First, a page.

Mr. Koch: “Our strategy to this point has been to focus on OEMs. We do have a few direct sales people and are beginning the process of identifying manufacturer reps and distributors to increase our channels of distribution. Most of the efforts over the past four or five years have been focused on developing all the circuitry and component boards to meet the OEM requirements. Our product needs to be invisible, and that has been a problem with some of the other attempts to commercialize the underlying NASA discovery that allows the load to be sensed. If your controller interferes with the underlying application the motor is installed to handle no amount of energy savings will influence a customer to buy the product. If an escalator jerks or jars, people will fall down and get hurt. We are just beginning the efforts to develop our sales and marketing organization. We have just begun the process required to qualify for the CE Mark, which is required before you can sell an electrical component in Europe. We are starting to identify potential distributors in Europe where average energy costs tend to be higher than in the US.”

CEOCFOinterviews: Are there areas of the world that are more interested in the energy saving than the United States?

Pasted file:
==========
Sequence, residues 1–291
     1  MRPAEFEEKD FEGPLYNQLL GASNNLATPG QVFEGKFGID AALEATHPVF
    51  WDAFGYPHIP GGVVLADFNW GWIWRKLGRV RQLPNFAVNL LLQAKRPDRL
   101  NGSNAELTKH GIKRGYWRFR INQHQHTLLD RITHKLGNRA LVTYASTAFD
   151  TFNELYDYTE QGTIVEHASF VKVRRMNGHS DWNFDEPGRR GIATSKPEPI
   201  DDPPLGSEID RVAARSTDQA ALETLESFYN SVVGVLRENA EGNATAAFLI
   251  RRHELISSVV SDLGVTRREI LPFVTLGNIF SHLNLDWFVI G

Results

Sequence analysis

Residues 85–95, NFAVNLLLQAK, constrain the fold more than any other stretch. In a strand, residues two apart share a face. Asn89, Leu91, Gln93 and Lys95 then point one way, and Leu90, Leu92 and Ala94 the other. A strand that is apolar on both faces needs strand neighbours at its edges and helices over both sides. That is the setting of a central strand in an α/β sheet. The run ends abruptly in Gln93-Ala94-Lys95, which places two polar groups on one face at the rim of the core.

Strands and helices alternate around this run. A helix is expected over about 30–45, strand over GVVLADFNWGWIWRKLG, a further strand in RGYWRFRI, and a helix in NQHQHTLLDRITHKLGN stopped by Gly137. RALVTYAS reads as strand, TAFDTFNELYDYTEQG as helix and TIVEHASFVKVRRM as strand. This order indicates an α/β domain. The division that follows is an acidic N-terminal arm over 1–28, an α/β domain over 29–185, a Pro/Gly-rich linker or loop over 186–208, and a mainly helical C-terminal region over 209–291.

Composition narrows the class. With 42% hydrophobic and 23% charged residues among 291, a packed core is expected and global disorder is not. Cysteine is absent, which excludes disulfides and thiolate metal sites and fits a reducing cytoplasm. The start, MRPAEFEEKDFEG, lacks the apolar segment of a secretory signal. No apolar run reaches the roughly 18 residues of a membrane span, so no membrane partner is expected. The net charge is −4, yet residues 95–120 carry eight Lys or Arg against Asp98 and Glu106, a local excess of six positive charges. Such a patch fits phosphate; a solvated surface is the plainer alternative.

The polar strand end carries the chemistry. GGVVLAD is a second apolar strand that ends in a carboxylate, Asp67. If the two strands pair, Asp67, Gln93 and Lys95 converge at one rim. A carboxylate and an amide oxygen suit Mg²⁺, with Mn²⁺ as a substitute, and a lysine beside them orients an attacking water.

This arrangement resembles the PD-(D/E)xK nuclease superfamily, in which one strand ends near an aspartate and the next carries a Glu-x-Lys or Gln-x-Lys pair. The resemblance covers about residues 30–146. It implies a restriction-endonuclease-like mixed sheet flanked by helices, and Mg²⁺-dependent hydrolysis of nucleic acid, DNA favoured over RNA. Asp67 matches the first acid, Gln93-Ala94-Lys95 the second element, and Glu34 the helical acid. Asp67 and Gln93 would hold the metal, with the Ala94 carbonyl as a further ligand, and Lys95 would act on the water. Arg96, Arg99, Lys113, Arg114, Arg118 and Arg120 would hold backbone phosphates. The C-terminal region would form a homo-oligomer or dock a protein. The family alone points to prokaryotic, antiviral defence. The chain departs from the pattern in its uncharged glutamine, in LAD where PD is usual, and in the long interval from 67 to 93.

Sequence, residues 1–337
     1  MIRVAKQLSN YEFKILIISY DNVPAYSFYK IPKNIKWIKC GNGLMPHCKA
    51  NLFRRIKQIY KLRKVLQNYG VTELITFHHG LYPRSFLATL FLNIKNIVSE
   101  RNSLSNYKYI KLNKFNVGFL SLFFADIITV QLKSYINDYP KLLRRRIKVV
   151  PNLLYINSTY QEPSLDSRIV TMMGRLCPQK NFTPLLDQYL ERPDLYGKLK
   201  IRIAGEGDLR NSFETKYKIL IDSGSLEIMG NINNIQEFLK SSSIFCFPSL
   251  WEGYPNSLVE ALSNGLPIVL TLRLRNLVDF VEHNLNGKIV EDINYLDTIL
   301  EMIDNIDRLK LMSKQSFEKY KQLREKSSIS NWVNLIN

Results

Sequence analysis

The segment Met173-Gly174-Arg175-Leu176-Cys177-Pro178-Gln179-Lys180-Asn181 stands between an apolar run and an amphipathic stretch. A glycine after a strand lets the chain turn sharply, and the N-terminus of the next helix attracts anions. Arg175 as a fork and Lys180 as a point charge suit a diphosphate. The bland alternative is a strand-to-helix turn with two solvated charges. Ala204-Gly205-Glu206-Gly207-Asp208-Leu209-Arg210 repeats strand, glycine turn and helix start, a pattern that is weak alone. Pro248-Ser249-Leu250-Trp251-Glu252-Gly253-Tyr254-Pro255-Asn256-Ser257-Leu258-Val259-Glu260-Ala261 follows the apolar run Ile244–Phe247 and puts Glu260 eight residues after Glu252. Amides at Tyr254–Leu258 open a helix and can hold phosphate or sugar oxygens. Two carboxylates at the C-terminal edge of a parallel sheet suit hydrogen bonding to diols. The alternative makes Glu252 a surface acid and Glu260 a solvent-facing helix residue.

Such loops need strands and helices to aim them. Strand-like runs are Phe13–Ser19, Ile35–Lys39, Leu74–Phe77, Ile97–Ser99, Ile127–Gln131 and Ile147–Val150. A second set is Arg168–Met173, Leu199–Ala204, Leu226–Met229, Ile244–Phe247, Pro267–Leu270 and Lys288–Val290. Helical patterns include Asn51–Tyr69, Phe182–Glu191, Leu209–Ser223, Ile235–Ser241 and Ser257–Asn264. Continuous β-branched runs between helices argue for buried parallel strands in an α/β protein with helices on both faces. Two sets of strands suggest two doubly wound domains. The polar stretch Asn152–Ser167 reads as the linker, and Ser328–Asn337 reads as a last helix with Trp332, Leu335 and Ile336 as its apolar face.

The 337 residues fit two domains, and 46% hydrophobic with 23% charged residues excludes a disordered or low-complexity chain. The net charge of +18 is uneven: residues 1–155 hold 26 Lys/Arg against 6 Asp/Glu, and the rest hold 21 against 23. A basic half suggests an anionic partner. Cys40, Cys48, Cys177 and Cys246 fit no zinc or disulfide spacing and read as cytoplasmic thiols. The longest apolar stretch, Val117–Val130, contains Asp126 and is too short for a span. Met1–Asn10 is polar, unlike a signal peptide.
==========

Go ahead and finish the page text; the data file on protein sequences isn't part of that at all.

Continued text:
Mr. Koch: “The way power is billed in Europe is different than the way they bill power here. You might have two identical applications, one here and one in Europe, and if we get 35% energy savings here, we could get 50% energy savings in Europe because of this difference. It is safe to say that the higher energy costs the higher the interest is in technologies that save energy. Therefore to the extent other countries pay more for electricity they will have a greater interest in our products.  We know it is cheaper to save a kilowatt of electricity than it is to build new generating capacity. This disparity will only increase as the world demand for energy continues to grow.  Part of the reason for my joining the company is my belief that energy prices will continue rise. I believe these higher costs will lead to greater awareness of energy saving products such as the Power Efficiency controller resulting in increased sales. There will be increased pressure on governments to give incentives and even mandate technologies that will lead to more efficient energy utilization.”